The 10 Biggest Men's March Madness Upsets of All Time

Joe Tansey@JTansey90Featured ColumnistMarch 23, 2019

The 10 Biggest Men's March Madness Upsets of All Time

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    Mitchell Layton/Getty Images

    UMBC. Florida Gulf Coast. Mercer. George Mason.

    Those are just some of the college basketball programs that come up every year when discussing the best upsets in NCAA men's basketball tournament history. 

    Over the last decade, mid-major programs have come into the upset spotlight for their surprising victories over some of the most prestigious teams in the nation.

    But before the mid-majors stole the show, a few power-conference teams delivered memorable upsets in some of the most remarkable contests to ever be played in the Big Dance.   

No. 6 NC State over No. 1 Houston, 1983

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    No one remembers the seed assigned to the 1983 NC State Wolfpack, but what they are aware of is how massive the upset over the Phi Slama Jama Houston team was. 

    Jimmy Valvano's team pulled off one of the most incredible finishes in NCAA tournament history, as Lorenzo Charles pulled down a short shot from Dereck Whittenburg and beat the buzzer for the game-winning shot. 

    The win was so remarkable because the Wolfpack upended a team led by Hakeem Olajuwon and Clyde Drexler. 

    In fact, Olajuwon ended up winning the Most Outstanding Player award despite falling short at the hands of the Wolfpack. 

No. 8 Villanova over No. 1 Georgetown, 1985

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    One of the most historic upsets in NCAA tournament history came in the 1985 championship game, when Villanova took down Big East rival Georgetown. 

    Dwayne McClain, Ed Pinckney, Harold Jensen and Harold Pressley led the eighth-seeded Wildcats to a two-point win over the Hoyas, who were one of the top seeds and featured Patrick Ewing. 

    The Wildcats weren't supposed to be in the final in the first place, but Rollie Massimino's team earned upsets over Michigan, Maryland, North Carolina and Memphis before knocking off the Hoyas. 

    Before Villanova won two titles in three years in 2016 and 2018, the 1985 triumph was the only title in program history. 

No. 14 Cleveland State over No. 3 Indiana, 1986

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    No one expected the Indiana Hoosiers, led by Steve Alford and Bobby Knight, to lose in the first round of the 1986 NCAA tournament. 

    However, the Cleveland State Vikings became one of two No. 14 seeds to win in 1986 along with Arkansas Little-Rock, who knocked off Notre Dame.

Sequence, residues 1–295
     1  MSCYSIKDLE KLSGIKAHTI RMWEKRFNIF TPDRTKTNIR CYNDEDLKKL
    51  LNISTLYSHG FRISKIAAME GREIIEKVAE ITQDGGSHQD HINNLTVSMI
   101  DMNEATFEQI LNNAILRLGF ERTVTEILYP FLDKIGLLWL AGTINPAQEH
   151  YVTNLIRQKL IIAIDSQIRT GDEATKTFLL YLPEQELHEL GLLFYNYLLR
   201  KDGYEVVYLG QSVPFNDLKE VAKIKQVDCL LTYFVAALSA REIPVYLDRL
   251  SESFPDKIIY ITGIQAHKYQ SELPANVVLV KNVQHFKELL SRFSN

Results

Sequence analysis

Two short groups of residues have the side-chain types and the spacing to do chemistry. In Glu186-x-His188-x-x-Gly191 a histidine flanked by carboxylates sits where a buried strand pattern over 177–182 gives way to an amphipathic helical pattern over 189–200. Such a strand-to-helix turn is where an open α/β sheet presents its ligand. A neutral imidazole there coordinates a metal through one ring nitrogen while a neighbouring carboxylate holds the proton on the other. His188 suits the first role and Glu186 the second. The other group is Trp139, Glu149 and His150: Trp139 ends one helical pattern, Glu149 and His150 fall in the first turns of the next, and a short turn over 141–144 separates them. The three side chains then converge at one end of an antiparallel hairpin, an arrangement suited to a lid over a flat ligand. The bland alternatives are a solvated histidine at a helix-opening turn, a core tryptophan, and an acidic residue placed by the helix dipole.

The 1985-86 team wasn't Knight's best squad during his long tenure at Indiana, but the defeat was the first he suffered in the first round. 

    After it was knocked out by Cleveland State, Indiana added Keith Smart and Dean Garrett to a team that already included Steve Alford. 

    The infusion of talent for the 1986-87 season helped the Hoosiers rebound from their early tournament exit and win the national championship

    However, two years later, Indiana suffered another upset as a No. 4 seed in the first round to 13th-seeded Richmond. 

No. 15 Richmond over No. 2 Syracuse, 1991

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    Twenty-seven years before UMBC became the first No. 16 seed to win a men's tournament game, Richmond became the first No. 15 seed to earn a victory.

    The Spiders upset the Orange 73-69 in College Park, Maryland, where they got out in front before halftime on the way to a stunning upset. 

    Richmond was able to fend off the Orange despite a strong performance from Billy Owens, who was selected with the No. 3 overall pick in the 1991 NBA draft by the Sacramento Kings. 

    Three other Syracuse players reached over 10 points in the contest, but it still wasn't enough for Jim Boeheim's team to avoid the upset. 

    Richmond wasn't the only double-digit seed to win in its bracket that year, as Temple made it all the way to the Elite Eight as the No. 10 seed. 

    Since Richmond's triumph, seven other No. 15 seeds have won NCAA tournament games. Two came in 2012, when Lehigh and Norfolk State beat Duke and Missouri, respectively.

No. 13 Princeton over No. 4 UCLA, 1996